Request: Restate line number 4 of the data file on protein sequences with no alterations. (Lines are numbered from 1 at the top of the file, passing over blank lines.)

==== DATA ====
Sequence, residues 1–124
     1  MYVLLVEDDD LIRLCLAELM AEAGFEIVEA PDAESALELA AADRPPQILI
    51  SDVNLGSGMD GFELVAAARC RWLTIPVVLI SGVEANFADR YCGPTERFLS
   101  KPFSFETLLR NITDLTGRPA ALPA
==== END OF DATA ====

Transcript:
   101  KPFSFETLLR NITDLTGRPA ALPA